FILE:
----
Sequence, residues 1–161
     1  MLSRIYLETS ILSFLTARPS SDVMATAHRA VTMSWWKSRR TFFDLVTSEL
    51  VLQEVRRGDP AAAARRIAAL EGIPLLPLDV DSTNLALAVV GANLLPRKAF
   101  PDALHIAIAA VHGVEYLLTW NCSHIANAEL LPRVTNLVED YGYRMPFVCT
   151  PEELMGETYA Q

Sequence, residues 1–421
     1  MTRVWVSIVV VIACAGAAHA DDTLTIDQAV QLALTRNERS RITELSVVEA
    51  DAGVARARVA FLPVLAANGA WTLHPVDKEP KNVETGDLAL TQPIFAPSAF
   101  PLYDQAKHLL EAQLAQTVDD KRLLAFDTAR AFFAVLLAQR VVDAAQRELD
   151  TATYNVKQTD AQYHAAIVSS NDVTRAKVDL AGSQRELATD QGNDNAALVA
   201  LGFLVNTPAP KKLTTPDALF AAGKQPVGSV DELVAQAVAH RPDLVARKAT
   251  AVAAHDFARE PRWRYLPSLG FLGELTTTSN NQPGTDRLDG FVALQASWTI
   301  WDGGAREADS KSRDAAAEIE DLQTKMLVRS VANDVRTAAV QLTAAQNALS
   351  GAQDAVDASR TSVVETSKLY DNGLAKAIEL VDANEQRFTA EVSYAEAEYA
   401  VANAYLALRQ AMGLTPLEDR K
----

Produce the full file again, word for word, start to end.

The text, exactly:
Sequence, residues 1–161
     1  MLSRIYLETS ILSFLTARPS SDVMATAHRA VTMSWWKSRR TFFDLVTSEL
    51  VLQEVRRGDP AAAARRIAAL EGIPLLPLDV DSTNLALAVV GANLLPRKAF
   101  PDALHIAIAA VHGVEYLLTW NCSHIANAEL LPRVTNLVED YGYRMPFVCT
   151  PEELMGETYA Q

Sequence, residues 1–421
     1  MTRVWVSIVV VIACAGAAHA DDTLTIDQAV QLALTRNERS RITELSVVEA
    51  DAGVARARVA FLPVLAANGA WTLHPVDKEP KNVETGDLAL TQPIFAPSAF
   101  PLYDQAKHLL EAQLAQTVDD KRLLAFDTAR AFFAVLLAQR VVDAAQRELD
   151  TATYNVKQTD AQYHAAIVSS NDVTRAKVDL AGSQRELATD QGNDNAALVA
   201  LGFLVNTPAP KKLTTPDALF AAGKQPVGSV DELVAQAVAH RPDLVARKAT
   251  AVAAHDFARE PRWRYLPSLG FLGELTTTSN NQPGTDRLDG FVALQASWTI
   301  WDGGAREADS KSRDAAAEIE DLQTKMLVRS VANDVRTAAV QLTAAQNALS
   351  GAQDAVDASR TSVVETSKLY DNGLAKAIEL VDANEQRFTA EVSYAEAEYA
   401  VANAYLALRQ AMGLTPLEDR K